The audio amplifier is built around three Philips OC71 PNP transistors, and is designed for low-current operation. The first two transistors actually amplify the microphone signal, whilst the last one is an emitter-follower which causes a load on the power lines and, hence, the antenna. This change in load causes small variations in the amount of incident energy that is absorbed or reflected by the antenna, the result of which can be picked up by a sensitive receiver at the LP.
The activation transmitter, also known as the actuator, consists of two valve-based stages: an oscillator built around a QQE06/40, and a power amplifier (PA) built around another QQE 06/40. The latter produces an output power of 30 Watts, which is fed into a 4-element directional antenna with a gain of 12.5 dB, resulting in an effective radiated power (ERP) of ~530 Watts [5].

Mechanical vibrations of the individual elements inside the valves and also in the tuned circuits, may cause an undesired kind of amplitude modulation (AM), known as microphony. As the faint signal reflected by the PE is also amplitude modulated, transmitter microphony is intolerable. An extra valve-based circuit is added to eleminate any AM component in the output signal. It rectifies (part of) the output signal, amplifies it, and uses it as a negative feedback into the PA.

The transmitter has a built-in power supply unit (PSU) that is powered directly from the 110V or 220V AC mains, so that it can be deployed in nearly any part of the world. The PSU is fully solid-state and delivers the LT (6.3V) and HT (-500V and +500V) voltages for the transmitter valves.
The design of the receiver is very simple, yet extremely effective. The signal from the antenna is rectified by a crystal detector and then amplified several times. Next, suitable high-pass and low-pass filters are inserted so that only the audio spectrum of 400 Hz to 7000 Hz remains. A switch is available to select a 4000 Hz cut-off. The resulting signal is then amplified to speaker level.

Due to the simplicity of the input circuit, plus the fact that there is no RF pre-amplifier, the receiver does not suffer from blocking or over-loading as a result of the strong RF signal from the transmitter. Although TX and RX antennas have to be isolated properly, the circuit works by the virtue that some of the RF spillover from the transmitter reaches the receiver's detector, where it stimulates detection and improves the sensitivity. This process is known as homodyne or synchronous detection. Although this works very well, the signal phase is critical, which means that in practice one had to adjust the position of the antennas in order to obtain the best result.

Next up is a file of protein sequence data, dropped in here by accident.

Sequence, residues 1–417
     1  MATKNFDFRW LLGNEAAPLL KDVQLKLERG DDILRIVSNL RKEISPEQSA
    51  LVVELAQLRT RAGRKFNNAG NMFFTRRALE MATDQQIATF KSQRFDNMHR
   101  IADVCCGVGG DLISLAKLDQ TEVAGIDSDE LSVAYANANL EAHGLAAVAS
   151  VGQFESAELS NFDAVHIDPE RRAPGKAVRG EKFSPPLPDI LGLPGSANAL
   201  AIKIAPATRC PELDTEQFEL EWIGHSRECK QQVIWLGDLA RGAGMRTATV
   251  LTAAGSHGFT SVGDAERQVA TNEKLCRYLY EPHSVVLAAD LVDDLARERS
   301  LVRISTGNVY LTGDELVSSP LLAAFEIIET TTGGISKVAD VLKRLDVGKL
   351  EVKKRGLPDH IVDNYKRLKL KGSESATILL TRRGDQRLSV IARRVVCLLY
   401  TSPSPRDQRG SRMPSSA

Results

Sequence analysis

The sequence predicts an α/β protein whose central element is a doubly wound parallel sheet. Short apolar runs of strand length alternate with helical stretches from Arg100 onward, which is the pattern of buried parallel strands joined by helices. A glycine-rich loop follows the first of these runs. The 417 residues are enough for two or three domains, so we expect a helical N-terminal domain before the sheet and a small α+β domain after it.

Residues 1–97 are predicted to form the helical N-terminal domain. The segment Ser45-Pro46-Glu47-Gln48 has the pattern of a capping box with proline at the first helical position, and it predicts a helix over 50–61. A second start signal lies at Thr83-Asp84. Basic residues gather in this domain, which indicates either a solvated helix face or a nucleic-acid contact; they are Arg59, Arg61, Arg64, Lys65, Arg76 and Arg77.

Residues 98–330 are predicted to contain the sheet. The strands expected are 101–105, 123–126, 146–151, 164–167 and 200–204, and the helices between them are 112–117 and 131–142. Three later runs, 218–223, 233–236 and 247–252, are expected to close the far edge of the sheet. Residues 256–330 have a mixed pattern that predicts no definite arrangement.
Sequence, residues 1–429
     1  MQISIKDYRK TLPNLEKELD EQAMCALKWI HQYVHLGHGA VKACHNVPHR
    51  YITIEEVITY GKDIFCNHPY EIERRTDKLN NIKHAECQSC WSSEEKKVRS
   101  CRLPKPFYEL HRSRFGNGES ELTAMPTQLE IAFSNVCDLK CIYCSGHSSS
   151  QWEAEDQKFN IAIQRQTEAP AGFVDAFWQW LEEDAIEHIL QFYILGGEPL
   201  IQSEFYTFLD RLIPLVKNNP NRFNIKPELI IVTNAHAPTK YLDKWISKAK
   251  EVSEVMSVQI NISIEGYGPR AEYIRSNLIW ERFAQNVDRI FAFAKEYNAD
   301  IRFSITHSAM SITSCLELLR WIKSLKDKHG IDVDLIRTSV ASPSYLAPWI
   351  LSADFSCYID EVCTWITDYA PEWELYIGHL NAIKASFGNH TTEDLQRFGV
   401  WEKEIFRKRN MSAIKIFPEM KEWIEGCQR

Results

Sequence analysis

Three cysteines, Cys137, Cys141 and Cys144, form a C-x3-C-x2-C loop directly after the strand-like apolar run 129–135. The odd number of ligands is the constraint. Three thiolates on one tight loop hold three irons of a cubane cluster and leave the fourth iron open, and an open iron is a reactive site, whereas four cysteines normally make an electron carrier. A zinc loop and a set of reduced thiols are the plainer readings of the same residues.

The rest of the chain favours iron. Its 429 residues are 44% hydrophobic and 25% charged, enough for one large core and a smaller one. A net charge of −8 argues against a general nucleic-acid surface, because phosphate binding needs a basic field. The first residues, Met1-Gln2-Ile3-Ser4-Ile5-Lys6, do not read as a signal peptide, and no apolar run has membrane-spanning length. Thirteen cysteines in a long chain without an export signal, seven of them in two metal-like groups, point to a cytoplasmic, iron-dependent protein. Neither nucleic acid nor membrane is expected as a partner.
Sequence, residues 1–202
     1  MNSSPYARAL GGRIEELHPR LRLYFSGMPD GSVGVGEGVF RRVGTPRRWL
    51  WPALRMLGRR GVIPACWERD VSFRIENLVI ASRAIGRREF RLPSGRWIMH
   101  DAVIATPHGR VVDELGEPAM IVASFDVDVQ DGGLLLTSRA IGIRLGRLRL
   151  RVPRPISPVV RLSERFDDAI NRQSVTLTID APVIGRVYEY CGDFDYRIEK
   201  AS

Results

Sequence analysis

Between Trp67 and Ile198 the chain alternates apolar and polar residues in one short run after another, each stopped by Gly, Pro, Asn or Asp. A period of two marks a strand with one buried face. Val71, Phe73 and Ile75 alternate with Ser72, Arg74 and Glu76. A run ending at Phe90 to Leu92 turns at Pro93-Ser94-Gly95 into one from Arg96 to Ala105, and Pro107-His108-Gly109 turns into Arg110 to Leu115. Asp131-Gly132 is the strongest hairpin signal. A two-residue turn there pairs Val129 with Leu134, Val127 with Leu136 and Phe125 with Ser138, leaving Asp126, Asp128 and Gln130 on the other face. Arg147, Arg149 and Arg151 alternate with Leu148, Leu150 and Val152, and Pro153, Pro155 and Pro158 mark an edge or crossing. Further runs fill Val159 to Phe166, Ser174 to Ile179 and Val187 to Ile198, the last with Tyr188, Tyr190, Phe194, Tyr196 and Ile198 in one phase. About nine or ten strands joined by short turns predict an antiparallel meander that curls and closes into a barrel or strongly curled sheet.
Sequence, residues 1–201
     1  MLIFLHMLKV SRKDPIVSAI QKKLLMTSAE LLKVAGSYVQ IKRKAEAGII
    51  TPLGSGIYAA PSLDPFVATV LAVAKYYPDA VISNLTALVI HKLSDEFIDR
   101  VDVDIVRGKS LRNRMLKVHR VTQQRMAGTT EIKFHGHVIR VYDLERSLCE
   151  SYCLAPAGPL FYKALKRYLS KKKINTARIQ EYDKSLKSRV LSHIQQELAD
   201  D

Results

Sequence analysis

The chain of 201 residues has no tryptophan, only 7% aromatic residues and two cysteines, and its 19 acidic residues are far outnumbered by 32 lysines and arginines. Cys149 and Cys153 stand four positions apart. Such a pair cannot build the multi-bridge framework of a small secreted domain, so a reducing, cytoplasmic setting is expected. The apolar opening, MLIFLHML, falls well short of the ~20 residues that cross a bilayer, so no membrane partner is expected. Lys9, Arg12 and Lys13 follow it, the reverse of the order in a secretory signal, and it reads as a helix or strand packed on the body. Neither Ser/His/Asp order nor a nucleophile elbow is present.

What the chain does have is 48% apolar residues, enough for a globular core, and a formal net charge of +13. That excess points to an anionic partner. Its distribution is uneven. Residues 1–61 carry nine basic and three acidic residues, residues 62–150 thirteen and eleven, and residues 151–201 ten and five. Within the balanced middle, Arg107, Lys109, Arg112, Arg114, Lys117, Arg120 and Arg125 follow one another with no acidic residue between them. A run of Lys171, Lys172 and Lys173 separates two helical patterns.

The transmitter and receiver each had its own directional antenna which was aimed at the target area. The antenna consisted of two radiating elements (A and B) that were mounted in front of a metal sheet reflector. Each radiating element consisted of two cross-connected folded dipoles.

The diagram above shows the construction of the antenna, which is known as a combined broad-side end-fed array with four driven elements. The two sections are interconnected by a so-called Magic-T, or coaxial-T, which provides a 50Ω impedance at all three ports of the 'T'. The antenna is optimised (peaked) for 376.5 MHz and provides a gain of approx. 12.5 dB. This means that in the main direction, it amplifies the power output of the transmitter by more than 17 times. As an identical antenna is used for the receiver, the same 12.5 dB gain is applicable to that path as well.
Part of the EC I antenna array Another view of the antenna array Single dipole array assembly General Radio 'sex-less' connector Colour marking on the antenna to indicate the correct phase Dipole antenna detail Magic-T coaxial transformer Two ports of the Magic-T

  1. Easy Chair Mark I, Technical Manual
    CM302531/A, Prototype December 1955.

  2. EC Mk I, Part A - Operational Manual
    CM302531/B, March 1956 (est.).

  3. EC Mk I, Part B - Technical Manual
    CM302531/C, March 1956 (est.).

  1. NRP/CIA, Collection of documents related to Easy Chair Mark I
    Crypto Museum Archive, CM302531 (see above).

  2. Gerhard Prins, Letter to his heirs
    Date unknown, but probably written shortly before his death in April 1993.
    Vertrouwelijk (confidential). Published by [3].

  3. Maurits Martijn & Cees Wiebes, Operation Easy Chair
    De Correspondent. 24 September 2015.

  4. CIA Contracting Group, Report on Research on EASYCHAIR
    14 July 1955. Classification status unknown. Not marked as secret.

  5. Wikipedia, Effective radiated power
    Retrieved February 2017.

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Crypto Museum. Created: Friday 10 March 2017. Last changed: Thursday, 23 March 2017 - 15:55 CET.